I'll second the Kobo store and leaning into DRM-free versions when possible.
posted by kbanas at 11:47 AM on May 16, 2023


I would say that epubs would be the way to go for portability, since they are readable on many different devices - the standard doesn't belong to anyone. They are carried by more than one seller - they are sold by Kobo, but also Barnes & Noble, Smashwords, as well as by some publishers directly, so you don't need to commit to one store. My local library lends epubs (with or without DRM, depending on the publisher). I don't rely on any store to maintain my collection; if I bought it, it's mine and saved on a local machine.

Sometimes a title is only available through one seller with a different format (i.e., Amazon); if so, I will buy in that format, but will immediately strip the DRM and convert to an epub. Calibre is a widely used library program which converts from one format to another. (DRM-removal from Amazon books is tricky, so you need to know you can do it before you buy.)

For older books that have passed out of copyright, obviously these will be widely available in a variety of formats. I remember even getting Thomas More's Utopia online in about 1995. (For non-English books, translators matter and are more likely to be in copyright.)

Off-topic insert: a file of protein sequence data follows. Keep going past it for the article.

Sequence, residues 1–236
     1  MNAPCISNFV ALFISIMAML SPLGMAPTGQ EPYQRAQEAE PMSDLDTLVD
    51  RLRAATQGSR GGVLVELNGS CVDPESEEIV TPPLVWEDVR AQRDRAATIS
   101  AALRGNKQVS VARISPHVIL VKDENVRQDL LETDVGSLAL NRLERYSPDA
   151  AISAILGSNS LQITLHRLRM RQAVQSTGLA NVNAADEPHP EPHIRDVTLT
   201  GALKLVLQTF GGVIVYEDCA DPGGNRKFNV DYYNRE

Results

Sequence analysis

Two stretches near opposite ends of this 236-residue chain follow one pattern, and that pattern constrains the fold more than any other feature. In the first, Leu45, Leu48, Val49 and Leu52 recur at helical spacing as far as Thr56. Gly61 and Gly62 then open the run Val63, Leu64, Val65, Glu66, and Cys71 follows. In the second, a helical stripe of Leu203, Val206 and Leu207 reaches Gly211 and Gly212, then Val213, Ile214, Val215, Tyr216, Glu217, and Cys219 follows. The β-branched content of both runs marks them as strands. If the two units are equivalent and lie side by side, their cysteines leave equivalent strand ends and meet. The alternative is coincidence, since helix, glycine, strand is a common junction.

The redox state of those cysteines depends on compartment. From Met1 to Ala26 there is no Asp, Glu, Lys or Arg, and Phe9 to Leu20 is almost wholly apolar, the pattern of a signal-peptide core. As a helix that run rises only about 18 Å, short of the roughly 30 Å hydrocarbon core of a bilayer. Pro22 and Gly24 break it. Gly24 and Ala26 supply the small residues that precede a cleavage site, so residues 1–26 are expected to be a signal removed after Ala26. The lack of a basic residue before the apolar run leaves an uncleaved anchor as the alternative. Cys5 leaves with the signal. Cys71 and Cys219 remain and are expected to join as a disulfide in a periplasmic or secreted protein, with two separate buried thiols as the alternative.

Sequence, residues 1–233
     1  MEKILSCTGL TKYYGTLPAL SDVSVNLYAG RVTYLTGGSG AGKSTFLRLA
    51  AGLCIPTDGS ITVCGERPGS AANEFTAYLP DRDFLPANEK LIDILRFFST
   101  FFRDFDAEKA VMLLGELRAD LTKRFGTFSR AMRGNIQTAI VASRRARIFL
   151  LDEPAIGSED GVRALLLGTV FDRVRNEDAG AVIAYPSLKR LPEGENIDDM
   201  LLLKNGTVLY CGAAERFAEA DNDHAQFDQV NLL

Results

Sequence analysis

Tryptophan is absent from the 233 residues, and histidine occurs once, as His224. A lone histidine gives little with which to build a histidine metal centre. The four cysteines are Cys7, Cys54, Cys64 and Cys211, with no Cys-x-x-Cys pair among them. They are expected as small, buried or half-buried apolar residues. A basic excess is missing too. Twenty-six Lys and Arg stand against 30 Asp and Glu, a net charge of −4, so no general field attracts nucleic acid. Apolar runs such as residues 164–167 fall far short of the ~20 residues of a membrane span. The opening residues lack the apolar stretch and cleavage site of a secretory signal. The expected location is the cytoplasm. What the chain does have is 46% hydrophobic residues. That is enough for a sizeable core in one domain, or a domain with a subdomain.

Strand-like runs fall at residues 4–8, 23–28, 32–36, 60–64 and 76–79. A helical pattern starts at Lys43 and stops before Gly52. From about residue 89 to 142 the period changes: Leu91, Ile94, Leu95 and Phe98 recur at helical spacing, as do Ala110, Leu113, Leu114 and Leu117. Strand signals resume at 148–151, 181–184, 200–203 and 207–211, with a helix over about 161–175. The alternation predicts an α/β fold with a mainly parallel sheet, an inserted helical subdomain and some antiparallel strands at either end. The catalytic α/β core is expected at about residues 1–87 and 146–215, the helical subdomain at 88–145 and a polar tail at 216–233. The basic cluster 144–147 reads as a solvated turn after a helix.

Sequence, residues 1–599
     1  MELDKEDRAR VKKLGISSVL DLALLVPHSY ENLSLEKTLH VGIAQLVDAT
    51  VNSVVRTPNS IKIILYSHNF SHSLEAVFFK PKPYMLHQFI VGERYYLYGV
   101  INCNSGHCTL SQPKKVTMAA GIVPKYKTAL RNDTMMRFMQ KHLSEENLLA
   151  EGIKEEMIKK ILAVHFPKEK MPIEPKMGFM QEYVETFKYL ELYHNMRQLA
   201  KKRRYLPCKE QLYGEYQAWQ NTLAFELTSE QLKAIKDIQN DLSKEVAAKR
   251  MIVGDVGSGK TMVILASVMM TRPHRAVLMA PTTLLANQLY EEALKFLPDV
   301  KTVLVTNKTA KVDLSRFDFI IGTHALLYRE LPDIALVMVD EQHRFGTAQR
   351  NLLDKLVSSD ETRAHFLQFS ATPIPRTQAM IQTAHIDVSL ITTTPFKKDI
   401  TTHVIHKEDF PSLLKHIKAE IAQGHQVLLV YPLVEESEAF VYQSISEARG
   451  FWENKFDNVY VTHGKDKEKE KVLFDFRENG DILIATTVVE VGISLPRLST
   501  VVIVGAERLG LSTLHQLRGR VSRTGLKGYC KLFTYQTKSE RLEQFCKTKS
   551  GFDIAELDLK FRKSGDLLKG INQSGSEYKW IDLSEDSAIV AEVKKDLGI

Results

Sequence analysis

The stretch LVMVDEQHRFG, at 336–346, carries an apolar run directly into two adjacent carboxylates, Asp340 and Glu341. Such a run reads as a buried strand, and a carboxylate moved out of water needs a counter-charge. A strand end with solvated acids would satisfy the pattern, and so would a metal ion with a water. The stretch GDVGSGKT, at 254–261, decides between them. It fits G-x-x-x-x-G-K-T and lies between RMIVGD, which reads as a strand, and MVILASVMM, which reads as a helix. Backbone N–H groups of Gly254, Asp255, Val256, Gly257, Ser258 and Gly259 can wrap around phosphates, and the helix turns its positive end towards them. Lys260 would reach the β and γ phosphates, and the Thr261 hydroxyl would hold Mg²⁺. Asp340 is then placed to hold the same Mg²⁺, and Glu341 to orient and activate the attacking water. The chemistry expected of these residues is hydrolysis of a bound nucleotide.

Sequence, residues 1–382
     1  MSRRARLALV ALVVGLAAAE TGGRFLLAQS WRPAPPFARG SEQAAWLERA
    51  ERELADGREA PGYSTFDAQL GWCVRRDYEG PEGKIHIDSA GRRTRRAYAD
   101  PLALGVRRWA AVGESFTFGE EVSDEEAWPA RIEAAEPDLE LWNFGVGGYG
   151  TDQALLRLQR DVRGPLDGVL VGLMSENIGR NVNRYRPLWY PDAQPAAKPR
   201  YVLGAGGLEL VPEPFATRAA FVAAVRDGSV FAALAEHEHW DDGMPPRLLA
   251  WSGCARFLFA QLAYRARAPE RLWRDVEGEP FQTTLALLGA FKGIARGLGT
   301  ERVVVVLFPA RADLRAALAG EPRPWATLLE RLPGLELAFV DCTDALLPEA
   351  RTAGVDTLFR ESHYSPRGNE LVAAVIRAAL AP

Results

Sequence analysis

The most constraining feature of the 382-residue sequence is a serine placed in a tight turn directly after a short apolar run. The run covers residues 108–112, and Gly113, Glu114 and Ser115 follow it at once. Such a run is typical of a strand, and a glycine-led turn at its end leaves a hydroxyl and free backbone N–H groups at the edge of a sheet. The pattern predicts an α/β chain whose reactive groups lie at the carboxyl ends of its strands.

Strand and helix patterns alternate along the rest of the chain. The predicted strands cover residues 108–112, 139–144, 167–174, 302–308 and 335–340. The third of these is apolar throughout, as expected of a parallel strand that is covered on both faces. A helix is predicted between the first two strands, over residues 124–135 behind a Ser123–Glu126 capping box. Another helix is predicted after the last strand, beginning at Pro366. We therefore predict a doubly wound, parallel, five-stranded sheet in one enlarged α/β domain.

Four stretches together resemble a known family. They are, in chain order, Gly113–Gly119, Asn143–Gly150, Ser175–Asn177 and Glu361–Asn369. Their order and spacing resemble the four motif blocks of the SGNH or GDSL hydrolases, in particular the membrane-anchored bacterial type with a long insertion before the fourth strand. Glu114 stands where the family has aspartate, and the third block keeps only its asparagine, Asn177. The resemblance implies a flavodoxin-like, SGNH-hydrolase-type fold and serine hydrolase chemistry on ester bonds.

posted by jb at 1:03 PM on May 16, 2023


Also note that textbooks will be a different beast entirely. Expect those to be thoroughly locked down with some DRM scheme or another and only available on select platforms (at least legally).

(ETA: just noticed you mentioned not needing textbooks, so nevermind)
posted by Aleyn at 1:24 PM on May 16, 2023


They are general titles that you might find in a bookstore or order online.

If you mean they're at the point where they're going to be reading classic novels and other things by dead people, the first answer is Project Gutenberg or just searching for "booktitle filetype:pdf" or "filetype:epub" or whatever their preferred file type is.
posted by GCU Sweet and Full of Grace at 2:26 PM on May 16, 2023 [8 favorites]


If they aren’t textbooks, it would be worth it to subscribe to your local public library and download whatever software they use to borrow whatever ebooks they might have. My library uses the app called Libby. They won’t have everything but it might save you a little bit of money.